It was a long night and morning for the many Bay Point residents who gathered at the evacuation center opened by Calvary Temple Church. The 150 cots inside the church facility were all full. Some people had to resort to sleeping in their cars with their pets.
“I was awoken by sheriffs knocking at the door telling us it was a mandatory evacuation, that there was a pipeline that may explode and that we had to get out immediately,” Bay Point evacuee and mother of five Danica Connolly.
Connolly said she has never been through something like this before with her kids.
“I had to wake them and try to give them a brief explanation as to why we’re running out of the house,” Connolly said. “Hearing a gas pipeline is so close to my house, I didn’t even know that. And so very scared and worried. Worried for my neighbors.”
The Red Cross quickly set up the evacuation center at the Concord church to provide shelter overnight. A hot breakfast was served to everyone first thing in the morning. Pastor Jason Morgan said he hasn’t slept since Tuesday night.
“As people started to show up, we said, ‘You know what? Let’s open up the lobby.’ And we got hot coffee and let them use the bathrooms and what not, said Morgan. Then we just started to get a very large influx of people that started coming in. In fact, people were just lined up out the door.”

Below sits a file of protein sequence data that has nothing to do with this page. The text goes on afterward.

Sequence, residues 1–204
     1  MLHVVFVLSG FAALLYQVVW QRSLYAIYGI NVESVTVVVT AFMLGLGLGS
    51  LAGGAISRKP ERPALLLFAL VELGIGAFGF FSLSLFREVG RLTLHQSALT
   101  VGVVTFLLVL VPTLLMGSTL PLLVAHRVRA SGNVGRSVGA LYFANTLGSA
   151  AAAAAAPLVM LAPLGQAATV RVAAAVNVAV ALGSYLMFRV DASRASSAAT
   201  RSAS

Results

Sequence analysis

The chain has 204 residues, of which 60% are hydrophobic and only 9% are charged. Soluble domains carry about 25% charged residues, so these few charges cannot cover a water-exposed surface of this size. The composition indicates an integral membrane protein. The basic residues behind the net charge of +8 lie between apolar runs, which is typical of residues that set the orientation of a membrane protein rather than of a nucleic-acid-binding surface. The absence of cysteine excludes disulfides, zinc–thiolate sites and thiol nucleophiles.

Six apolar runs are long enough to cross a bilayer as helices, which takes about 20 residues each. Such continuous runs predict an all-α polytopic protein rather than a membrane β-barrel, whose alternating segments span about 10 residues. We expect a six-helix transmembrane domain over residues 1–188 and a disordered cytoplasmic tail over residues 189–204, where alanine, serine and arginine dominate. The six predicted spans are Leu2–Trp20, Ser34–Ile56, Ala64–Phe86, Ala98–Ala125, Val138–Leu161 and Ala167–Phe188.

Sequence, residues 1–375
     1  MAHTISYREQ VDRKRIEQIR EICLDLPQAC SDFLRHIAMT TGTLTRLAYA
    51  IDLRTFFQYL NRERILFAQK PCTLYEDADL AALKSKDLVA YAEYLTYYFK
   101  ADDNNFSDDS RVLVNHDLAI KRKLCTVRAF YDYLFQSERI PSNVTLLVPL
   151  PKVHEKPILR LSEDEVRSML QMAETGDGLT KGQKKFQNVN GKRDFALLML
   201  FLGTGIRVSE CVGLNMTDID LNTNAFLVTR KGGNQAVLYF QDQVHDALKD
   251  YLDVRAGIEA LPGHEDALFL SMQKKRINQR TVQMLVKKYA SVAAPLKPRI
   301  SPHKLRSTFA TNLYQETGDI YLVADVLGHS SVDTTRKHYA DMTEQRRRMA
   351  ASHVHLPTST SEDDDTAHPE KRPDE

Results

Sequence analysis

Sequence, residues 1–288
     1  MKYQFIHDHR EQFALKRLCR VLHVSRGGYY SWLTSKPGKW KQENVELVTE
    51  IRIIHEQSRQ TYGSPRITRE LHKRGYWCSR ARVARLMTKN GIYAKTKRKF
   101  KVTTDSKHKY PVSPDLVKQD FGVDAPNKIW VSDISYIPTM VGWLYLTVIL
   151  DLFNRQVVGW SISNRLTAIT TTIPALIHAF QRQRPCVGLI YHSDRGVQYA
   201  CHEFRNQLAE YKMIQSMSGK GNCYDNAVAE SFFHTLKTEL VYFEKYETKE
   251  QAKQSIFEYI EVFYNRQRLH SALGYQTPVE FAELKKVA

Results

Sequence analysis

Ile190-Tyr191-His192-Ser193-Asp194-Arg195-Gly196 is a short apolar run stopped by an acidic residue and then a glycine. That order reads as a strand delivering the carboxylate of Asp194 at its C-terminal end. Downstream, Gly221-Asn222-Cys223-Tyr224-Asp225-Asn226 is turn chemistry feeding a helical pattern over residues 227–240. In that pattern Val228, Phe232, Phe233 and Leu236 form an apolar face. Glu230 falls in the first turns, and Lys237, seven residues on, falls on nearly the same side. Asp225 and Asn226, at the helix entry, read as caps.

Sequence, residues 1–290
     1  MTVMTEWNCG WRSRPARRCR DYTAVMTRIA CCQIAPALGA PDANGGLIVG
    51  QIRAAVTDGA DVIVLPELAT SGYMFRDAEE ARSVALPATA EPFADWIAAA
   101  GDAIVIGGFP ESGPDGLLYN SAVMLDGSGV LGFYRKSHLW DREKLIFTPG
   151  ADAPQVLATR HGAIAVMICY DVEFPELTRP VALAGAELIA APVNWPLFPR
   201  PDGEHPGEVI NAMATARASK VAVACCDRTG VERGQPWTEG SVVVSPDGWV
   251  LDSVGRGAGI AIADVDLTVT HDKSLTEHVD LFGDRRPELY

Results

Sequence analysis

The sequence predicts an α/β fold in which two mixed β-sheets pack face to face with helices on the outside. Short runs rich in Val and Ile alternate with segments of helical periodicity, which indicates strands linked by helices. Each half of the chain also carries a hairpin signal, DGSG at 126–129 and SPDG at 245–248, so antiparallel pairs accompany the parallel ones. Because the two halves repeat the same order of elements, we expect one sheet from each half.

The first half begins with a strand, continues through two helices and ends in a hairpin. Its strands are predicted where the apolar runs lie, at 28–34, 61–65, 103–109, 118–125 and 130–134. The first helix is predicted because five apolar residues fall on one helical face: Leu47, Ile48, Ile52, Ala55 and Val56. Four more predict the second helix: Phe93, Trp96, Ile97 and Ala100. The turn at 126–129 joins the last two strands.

At 6 a.m. Thursday morning, the Red Cross was able to set up the second refuge for people at the gymnasium of Los Medanos College in Pittsburg.
“It’s a very intense situation and people are under a lot of stress,” said Red Cross spokesperson Kathleen Maclay.
At the church, hopes that it would be over by noon evaporated as lunch arrived.
“We don’t know whether people would be here. We didn’t know we’d be serving lunch, said Bay Church Compassion Outreach Director Carey Gregg. So, we’re just keeping going forward as time goes on. Making it up as we go along!”
As the afternoon dragged on, movies played on overhead screens. Outside, the local Food Bank began handing out bags of fresh produce.
When the all-clear was given at 2:30 p.m., people were relieved to go home, happy that a disaster had been averted.
“It was a long night, a long day, but we are safe,” said Pittsburg evacuee Mbong Valentin. “That’s the most important thing.”